The Extensible Authentication Protocol (EAP) [RFC3748] includes two
facilities related to channel binding. The first, called channel
binding, is used to bind the lower-layer channel created between the
peer and the authenticator to the authentication performed using EAP.
I think you need to be careful about the precise meaning of "bind" and
"lower layer channel" here.
Properties of the lower layer channel such as ciphersuite negotiation are
determined during the Secure Association Exchange. During the SAP other
parameters advertised or negotiated between the peer and authenticator can
be cryptographically bound to the transient session keys used between peer
and authenticator. For example, within IEEE 802.11i, the peer and
authenticator MAC address, ciphersuite
and capabilities are securely confirmed during the 4-way handshake.
In contrast, Channel Bindings as defined in RFC 3748 occur during the EAP
exchange. Its purpose is to confirm the consistency of channel properties
advertised by the authenticator to the peer and EAP server. However,
negotiation of the lower layer channel properties occurs during the SAP.
Specific details of this facility have not been specified, but it is
likely that this channel would use endpoint channel bindings carried
in the EAP method exchange.
Secure Association Protocols are specified in considerable detail within
IEEE 802.11i, IEEE 802.16e and IKEv2. Also, both RFC 3748 and the EAP Key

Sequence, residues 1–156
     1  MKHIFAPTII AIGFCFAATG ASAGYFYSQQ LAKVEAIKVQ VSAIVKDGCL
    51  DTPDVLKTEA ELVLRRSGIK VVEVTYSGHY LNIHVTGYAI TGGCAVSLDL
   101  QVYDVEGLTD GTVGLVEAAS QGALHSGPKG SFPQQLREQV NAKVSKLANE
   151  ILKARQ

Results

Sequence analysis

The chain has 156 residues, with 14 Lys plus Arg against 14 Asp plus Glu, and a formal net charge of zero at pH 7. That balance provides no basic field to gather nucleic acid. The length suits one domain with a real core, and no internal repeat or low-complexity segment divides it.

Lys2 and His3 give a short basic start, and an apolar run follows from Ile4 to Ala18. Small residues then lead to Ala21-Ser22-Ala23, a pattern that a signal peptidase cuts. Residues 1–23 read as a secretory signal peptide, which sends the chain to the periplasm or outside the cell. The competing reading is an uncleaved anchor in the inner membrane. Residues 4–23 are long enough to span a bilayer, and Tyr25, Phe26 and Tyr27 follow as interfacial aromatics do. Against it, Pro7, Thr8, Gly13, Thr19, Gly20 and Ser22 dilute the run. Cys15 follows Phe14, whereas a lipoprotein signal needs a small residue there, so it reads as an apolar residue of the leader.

Management Framework discuss Channel Bindings. So saying it is "unspecified"
doesn't seem accurate.
The endpoint channel bindings would be defined for the specific lower
EAP Channel Bindings can be supported by an EAP method today without any
modification to lower layer specifications, so I don't think this is
EAP also has a facility called cryptographic binding, which is another
instance of channel binding.
Cryptographic binding as defined in RFC 3748 is used to demonstrate that the
endpoints of the EAP exchange participated in all portions of that exchange.
This does not relate to lower layer channel properties, per se.
Cryptographic binding refers to binding the channel created by a
tunneling EAP method to an inner authentication performed within that
This is correct.
Cryptographic binding will likely use unique channel bindings.
Cryptographic binding doesn't ensure that the authenticator provides the
same information to both the peer and server, so that it doesn't address the
Channel Binding problem.
Do these changes make sense to people? Am I telling any lies or
conflating two architectures in a bad way?
In general, the changes are potentially confusing, but I do think that it
would be worthwhile to continue to work on improving the text.
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